I worked at a daycare for over three years. From afternoon playtime to full-time days in the summer, I fell in love with the little bundles of energy I saw every day. I looked forward to stories from the Pre-K kids and a movie synopsis from an overly excited two year old. I loved being able to cradle the tiniest infants and forget about whatever else in my life that seemed to be going wrong. I learned some very important life lessons from my "work babies." They may not be as important as taxes, but they're definitely important for living your best life day in and day out.
1. Hug often and hug tightly
Learning to laugh at yourself is a trick we all need. It also doesn't come easily. I have watched little kids trip and not know what to do next. Their little faces scrunch up and you don't know what they'll do next. Then they start laughing. They'll point to what they fell over and laugh harder. Their friends join in and the skinned knee is forgotten as they laugh about how funny something that is practically nothing is.
3. Don't be afraid to try new things
Getting your hand painted for a project is a weird feeling. Eating sweet potatoes for the first time is gross. Well, it may be gross. Hopefully, your teachers don't have to wear it as an unneeded accessory. Sprinkler time can be scary when you're new to walking and new to water being sprayed on you outside of bath time. However, if you really really try, you can learn to love something new.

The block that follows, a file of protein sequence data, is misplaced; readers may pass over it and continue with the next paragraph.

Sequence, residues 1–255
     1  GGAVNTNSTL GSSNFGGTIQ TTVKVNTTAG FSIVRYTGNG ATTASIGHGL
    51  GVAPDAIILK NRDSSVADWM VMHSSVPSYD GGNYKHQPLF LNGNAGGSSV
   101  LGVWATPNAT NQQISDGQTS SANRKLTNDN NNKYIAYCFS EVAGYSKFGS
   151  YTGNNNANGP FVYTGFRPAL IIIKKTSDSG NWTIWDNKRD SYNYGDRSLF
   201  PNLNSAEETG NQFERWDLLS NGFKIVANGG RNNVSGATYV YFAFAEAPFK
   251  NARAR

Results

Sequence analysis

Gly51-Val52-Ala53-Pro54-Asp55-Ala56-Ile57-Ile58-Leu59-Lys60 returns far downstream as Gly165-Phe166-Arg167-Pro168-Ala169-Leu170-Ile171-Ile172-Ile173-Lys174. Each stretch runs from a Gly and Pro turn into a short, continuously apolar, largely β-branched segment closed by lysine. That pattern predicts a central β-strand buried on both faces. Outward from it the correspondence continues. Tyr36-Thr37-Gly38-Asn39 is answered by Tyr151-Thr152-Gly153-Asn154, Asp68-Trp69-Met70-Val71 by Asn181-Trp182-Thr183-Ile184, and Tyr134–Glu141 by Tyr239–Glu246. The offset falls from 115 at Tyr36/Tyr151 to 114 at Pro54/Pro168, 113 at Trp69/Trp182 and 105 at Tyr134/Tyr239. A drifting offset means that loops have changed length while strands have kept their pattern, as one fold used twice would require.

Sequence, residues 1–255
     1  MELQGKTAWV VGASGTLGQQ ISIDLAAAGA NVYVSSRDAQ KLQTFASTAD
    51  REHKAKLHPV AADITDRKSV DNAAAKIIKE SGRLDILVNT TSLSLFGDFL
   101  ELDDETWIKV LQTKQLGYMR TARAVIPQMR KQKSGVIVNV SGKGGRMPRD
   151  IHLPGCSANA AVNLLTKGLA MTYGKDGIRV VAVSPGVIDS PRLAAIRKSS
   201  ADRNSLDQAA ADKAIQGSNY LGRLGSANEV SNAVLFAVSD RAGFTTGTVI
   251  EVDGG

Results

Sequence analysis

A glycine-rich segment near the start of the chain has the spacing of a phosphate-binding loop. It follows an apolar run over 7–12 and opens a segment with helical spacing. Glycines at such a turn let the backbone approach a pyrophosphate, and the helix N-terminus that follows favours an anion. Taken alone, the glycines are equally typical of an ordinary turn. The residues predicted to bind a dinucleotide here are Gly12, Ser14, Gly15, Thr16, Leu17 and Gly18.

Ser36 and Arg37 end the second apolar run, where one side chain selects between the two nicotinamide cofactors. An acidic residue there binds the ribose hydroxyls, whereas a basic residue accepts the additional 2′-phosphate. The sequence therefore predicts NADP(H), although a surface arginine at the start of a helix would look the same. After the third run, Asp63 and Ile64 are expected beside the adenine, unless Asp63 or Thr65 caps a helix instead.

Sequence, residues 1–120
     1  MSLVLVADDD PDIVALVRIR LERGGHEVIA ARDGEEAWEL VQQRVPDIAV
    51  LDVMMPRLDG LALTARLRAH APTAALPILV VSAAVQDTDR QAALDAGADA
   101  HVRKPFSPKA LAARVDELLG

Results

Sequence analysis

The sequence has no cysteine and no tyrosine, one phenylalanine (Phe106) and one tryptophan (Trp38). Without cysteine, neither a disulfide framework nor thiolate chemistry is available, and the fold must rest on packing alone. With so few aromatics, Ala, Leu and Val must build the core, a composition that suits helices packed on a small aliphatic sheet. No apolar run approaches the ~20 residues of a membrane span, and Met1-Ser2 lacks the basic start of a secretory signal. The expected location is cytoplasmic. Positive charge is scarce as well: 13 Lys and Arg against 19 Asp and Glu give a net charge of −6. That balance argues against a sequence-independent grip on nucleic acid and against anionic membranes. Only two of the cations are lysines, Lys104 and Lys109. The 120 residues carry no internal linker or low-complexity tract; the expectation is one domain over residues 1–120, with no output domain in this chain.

4. Sharing is caring
6. You're never too young, or too old, to dream
My favorite question to ask the kids at work is "what do you want to be when you grow up?" I've heard everything from "a mommy," "an astronaut," "a T-rex, King Kong wrestler," to "a doctor like my daddy." Then they ask me what I want to be and honestly, I wouldn't mind being an astronaut when I grow up.
7. Tomorrow holds so much more
The promise of tomorrow is so new and so amazing to little kids. "Tomorrow I'll be all grown up," and "tomorrow I can play with the play-dough" give them something to look forward too. There is so much anticipation and hope for young kids. Maybe as adults, we can have some of the same hope and anticipation
8. Everyone deserves love
"I love you most" and "I love you more" were common phrases I heard from the kids I worked with. In the middle of playtime or reading, a little hand would fly up and all they would say is "I love you!" Little kids spread love like wildfire, that's something we can all work on.
9. Everyone makes mistakes
Little kids make mistakes. Mommys and Daddys make mistakes. Teachers make mistakes. It's what we take away from it that helps us grow. Whether it be time alone to think, or something as simple as covering up the mistake with a picture or the right answer, we're not perfect. No one is perfect